There are some things that money cannot buy; art is not one of them, at least not in the Gulf. Despite the fact that there is no historical tradition in the arts, and no infrastructure for contemporary culture, the Gulf region has been making waves in the art world for some years now.
In February 2012, gas-rich Qatar set a world record, paying $250 million for Paul Cézanne’s “The Card Players”. And by 2017 – if things go according to plan – two of the world’s most famous museums, the Louvre and the Guggenheim, will open up their branches in the UAE capital, Abu Dhabi.
A decade ago, such plans would have seemed pie in the sky. But the Gulf region, with UAE and Qatar leading the way, is witnessing a shift in its artistic and cultural landscape, with new museums and galleries being built across the region. The UAE, which a decade ago had a handful of art galleries, has more than 85.
Dubai is now home to headline events such as Art Dubai, Emirates Airline Festival of Literature, SIKKA Art Fair, Art Dubai, Design Days Dubai, and Dubai and the Gulf Film Festivals. More recently, the Dubai government has renewed its plans to build an opera house and a modern art museum – which will be built near Burj Khalifa, the world’s tallest tower.
This surge of art interest prompted the global auction house Christie’s to open an office in Dubai in 2005. Christie’s began with a conservative projection estimating sales of $30 million between 2006 and 2009. Since then, they sold art, jewellery and watches amounting to more than $220 million, and established over 350 new artist records at auctions for Middle Eastern artists.
While art experts argue that Art Dubai has helped put a global spotlight on Dubai’s cultural context, censorship is still common at art fairs. In 2012, at least three pieces inspired by the Arab Spring events were removed from display at Art Dubai in advance of a visit by the ruling family on the orders of security fearing they could be deemed offensive.
One of those works, named “After Washing” by the Palestinian artist Shadi Alzaqzouq, shows a masked female protester holding up a pair of underpants with the word “Erhal” or “leave” written on them –in reference to Egypt’s 25 January revolution chants which demanded the removal of then-president Hosni Mubarak.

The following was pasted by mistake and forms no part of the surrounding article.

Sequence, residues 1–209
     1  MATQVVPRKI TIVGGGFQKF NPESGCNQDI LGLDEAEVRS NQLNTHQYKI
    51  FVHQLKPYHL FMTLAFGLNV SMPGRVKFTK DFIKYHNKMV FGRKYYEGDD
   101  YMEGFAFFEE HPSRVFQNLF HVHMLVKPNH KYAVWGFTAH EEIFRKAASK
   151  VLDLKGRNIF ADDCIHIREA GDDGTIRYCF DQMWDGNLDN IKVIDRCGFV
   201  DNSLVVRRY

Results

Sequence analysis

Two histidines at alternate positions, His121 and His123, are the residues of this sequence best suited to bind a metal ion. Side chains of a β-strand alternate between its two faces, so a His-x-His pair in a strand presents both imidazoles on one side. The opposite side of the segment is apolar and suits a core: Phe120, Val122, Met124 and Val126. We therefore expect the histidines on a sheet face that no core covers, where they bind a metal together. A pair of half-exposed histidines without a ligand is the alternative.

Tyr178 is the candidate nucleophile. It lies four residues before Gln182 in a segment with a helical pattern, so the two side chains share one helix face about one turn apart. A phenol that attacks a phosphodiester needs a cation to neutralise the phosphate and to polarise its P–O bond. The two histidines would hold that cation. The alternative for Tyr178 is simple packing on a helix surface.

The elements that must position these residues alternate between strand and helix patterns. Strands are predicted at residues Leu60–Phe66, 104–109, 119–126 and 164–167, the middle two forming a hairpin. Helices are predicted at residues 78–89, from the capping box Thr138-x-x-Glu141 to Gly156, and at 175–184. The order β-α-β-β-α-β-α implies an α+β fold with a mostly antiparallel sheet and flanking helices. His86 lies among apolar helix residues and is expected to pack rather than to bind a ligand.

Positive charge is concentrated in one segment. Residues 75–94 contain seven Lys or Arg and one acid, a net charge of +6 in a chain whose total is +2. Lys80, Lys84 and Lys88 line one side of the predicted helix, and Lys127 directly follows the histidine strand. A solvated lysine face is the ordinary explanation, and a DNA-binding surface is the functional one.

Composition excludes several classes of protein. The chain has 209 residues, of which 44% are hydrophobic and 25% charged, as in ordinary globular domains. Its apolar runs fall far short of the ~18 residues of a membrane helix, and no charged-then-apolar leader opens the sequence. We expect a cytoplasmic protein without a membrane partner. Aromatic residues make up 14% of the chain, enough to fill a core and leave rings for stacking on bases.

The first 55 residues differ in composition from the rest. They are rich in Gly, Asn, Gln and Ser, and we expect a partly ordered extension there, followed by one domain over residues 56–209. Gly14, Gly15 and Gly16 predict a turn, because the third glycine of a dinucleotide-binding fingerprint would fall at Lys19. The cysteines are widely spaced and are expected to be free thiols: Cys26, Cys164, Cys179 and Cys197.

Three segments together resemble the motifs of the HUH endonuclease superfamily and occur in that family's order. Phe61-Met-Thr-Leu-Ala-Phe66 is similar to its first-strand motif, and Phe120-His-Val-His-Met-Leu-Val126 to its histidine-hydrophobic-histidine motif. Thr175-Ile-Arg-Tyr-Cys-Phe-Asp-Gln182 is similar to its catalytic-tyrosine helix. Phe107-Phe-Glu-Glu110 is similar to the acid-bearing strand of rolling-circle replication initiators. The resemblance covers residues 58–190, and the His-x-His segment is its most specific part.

Abu Dhabi catching up
Although Dubai has had a head start over Abu Dhabi when it comes to arts, Abu Dhabi is quickly catching up. With year-round exhibitions, the oil-rich capital is determined to make itself “a world-class cultural centre”.
Six years ago, the emirate unveiled its plans to build a $27 billion museums complex on Saadiyat Island off the coast of Abu Dhabi with the intention of becoming nothing less than an international hotspot for arts and culture.
The huge cultural complex will host branches of the Guggenheim, the Louvre and Zayed National Museum. At 24,000 square meters, Abu Dhabi’s Jean Nouvel-designed Louvre will be 40% the size of the Paris original, while the 30,000-square-meter Guggenheim will be the largest of the institution’s international network of museums (New York, Venice, Berlin, Bilbao and Las Vegas). Moreover, Iraqi-born Zaha Hadid will be designing the island’s Performing Arts Centre, a 62-meter high structure that will house a music hall, opera house and drama theatre.
While the museums’ architectural designs have been finalised, the actual work on site seems to be moving slowly. In January 2012, the Tourism Development & Investment Company (TDIC), the master developer of the Saadiyat project, pushed back the opening of the Louvre and the Guggenheim.
“For the UAE and Qatar, investing in art means investing in the future, but whether that investment will be felt by the society is yet to be seen.”
The Louvre Abu Dhabi will now open in 2015, while the Abu Dhabi branch of the Guggenheim will open its doors in 2017 and the Zayed National Museum in 2016. All three museums were originally scheduled to open between 2013 and 2014.